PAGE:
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Guest Column: Maintain schools, maintain home values

April 27, 2011|By Todd Andrews

I have attended several La Cañada social events recently. Invariably, cocktail and dinner chatter has included spirited discussions about our local schools in general, and class size and school funding in particular. And while there are differing opinions about specific issues, such as the trade-offs associated with permit students, there is a shared sense of frustration.

The fundamental issues facing our blue-ribbon school district are the erosion of funding caused by our state budget issues and shrinking enrollment. Our school board has been able to identify short-term solutions, but the underlying issues will compound over time.

Community support of the La Cañada Flintridge Educational Foundation in its efforts to supplement our core curriculum and voter support of the parcel tax enacted in 2009 demonstrate that we recognize the need for alternative funding sources. Unfortunately, it’s easy to look at these collective efforts and feel like we’ve done enough.

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To help us all feel a greater level of comfort with doing more, I offer a little financial analysis. The critical premises of my thinking are: 1) the quality of La Cañada schools is the primary driver of our premium real estate values, and 2) we need to reinvest in our schools to maintain this premium that has taken years of investment and effort to build.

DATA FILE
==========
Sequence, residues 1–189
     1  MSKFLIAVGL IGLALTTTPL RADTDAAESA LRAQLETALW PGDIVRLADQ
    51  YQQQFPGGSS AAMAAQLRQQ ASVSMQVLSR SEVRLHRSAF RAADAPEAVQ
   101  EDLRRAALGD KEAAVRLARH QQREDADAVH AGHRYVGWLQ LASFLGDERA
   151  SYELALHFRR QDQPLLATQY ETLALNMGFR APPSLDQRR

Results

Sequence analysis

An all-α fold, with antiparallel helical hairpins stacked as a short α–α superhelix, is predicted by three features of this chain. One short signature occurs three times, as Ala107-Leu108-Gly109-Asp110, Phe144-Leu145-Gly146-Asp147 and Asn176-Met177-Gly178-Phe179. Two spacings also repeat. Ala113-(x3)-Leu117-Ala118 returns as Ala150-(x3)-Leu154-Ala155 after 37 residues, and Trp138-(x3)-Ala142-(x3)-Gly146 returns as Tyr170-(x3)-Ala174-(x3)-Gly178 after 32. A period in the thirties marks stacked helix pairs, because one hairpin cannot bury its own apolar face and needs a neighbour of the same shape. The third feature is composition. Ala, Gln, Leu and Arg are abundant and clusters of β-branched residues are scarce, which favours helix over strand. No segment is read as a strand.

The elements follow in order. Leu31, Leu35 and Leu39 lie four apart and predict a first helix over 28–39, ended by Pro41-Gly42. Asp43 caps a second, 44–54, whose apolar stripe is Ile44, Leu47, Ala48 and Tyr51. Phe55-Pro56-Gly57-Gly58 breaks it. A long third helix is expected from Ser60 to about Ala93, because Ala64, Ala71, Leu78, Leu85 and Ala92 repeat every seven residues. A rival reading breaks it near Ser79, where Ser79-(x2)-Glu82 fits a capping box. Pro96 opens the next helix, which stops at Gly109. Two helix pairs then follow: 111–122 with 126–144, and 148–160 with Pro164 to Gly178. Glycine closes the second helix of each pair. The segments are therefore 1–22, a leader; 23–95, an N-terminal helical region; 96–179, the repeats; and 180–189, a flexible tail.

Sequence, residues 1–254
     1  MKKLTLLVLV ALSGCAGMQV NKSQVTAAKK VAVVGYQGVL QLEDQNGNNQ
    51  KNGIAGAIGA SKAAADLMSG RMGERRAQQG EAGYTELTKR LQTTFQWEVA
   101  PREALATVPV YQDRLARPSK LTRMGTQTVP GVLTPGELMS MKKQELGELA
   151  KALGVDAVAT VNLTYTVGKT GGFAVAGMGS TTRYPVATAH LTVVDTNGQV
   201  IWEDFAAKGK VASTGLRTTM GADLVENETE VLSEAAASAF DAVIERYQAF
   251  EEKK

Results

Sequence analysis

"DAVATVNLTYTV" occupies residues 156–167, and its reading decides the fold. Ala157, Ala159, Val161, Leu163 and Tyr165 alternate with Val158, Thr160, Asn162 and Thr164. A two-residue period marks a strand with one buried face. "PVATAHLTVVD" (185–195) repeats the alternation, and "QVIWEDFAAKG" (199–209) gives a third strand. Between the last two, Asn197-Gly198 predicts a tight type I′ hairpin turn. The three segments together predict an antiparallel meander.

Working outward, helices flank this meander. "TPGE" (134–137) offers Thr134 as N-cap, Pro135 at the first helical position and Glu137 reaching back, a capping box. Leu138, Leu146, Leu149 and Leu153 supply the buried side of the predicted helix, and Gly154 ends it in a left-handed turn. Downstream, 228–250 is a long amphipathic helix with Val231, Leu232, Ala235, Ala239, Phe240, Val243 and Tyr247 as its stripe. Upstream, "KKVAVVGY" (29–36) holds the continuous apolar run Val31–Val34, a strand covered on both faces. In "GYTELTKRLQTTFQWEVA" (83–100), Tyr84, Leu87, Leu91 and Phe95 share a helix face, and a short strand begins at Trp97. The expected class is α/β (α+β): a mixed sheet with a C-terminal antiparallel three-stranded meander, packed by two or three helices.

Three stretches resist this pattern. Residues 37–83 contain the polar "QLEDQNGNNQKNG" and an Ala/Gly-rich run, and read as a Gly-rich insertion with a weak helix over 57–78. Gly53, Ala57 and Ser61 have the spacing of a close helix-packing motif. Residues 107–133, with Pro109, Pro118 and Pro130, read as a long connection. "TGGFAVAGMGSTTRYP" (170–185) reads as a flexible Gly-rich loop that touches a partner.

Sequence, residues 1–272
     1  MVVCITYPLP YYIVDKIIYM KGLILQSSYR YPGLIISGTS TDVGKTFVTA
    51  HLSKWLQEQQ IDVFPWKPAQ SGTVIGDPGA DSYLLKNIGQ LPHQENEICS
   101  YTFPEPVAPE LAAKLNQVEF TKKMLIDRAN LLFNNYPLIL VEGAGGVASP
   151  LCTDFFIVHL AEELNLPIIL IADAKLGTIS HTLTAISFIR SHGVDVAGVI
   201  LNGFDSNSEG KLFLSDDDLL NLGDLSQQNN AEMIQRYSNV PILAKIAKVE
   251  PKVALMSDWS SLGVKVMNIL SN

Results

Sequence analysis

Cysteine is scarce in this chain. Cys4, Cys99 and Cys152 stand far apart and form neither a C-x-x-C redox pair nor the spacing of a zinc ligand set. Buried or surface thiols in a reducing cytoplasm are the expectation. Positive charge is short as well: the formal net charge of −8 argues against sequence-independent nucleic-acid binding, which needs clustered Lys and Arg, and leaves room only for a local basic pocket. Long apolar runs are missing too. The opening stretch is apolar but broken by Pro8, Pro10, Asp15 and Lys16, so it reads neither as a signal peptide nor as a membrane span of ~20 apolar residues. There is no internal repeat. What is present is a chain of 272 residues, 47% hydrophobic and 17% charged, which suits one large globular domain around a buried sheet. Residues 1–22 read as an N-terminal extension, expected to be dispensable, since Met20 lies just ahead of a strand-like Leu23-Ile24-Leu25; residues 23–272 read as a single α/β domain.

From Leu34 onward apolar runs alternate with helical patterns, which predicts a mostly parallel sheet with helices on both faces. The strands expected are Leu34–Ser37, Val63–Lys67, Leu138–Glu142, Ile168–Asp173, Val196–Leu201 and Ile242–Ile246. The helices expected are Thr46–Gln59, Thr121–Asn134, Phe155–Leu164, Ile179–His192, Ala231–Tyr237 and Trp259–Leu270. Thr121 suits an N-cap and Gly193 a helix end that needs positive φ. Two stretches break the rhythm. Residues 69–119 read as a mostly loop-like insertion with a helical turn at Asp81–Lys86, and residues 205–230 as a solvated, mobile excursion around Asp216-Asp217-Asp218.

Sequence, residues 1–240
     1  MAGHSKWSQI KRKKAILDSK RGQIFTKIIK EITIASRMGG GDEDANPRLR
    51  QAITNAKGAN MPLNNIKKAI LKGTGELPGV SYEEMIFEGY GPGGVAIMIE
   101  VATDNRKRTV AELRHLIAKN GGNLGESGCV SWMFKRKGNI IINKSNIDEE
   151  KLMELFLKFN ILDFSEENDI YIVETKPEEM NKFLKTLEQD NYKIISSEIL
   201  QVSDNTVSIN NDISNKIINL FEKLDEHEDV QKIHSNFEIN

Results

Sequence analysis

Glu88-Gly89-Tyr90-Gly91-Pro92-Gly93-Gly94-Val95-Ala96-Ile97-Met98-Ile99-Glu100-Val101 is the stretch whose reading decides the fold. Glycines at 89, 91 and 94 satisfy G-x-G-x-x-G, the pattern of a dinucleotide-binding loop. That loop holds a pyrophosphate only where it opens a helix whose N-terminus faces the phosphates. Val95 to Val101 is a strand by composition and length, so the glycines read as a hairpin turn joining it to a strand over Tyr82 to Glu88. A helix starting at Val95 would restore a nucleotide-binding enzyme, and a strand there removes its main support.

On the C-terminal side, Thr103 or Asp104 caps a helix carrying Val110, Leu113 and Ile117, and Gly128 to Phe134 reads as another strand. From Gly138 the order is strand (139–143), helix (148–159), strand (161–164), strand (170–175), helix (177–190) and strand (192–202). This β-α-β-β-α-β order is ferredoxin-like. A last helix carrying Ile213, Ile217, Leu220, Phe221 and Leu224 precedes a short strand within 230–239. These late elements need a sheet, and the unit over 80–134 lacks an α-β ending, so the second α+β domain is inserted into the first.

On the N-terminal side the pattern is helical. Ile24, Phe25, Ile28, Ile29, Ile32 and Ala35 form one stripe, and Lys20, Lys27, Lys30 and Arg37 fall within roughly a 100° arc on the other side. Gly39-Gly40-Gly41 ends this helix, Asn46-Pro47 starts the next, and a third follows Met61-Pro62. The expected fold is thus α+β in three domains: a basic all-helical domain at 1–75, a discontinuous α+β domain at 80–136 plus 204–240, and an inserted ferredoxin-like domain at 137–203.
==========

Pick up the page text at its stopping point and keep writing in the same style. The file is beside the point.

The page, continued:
I have confirmed the first assumption with an informal poll of three of the most prolific real estate agents in our community who, without hesitation or exception, identified our schools as the primary reason people buy homes in La Cañada.

There are a number of homes on the western flank of La Cañada, an area known as the Sagebrush, that are not in the La Cañada Unified School District. A comparison of the values of La Cañada homes within and outside LCUSD demonstrates the value of our high-performing schools. Based on 2010 home sales in La Cañada, those homes within LCUSD boundaries enjoyed a 22% premium per square foot. Other than schools, there is little difference between the two sections of town. Our primary community services, police and fire protection, are provided by the same agencies. There is little difference between our crime rates. We share the same view of our beautiful, albeit scorched, mountains.

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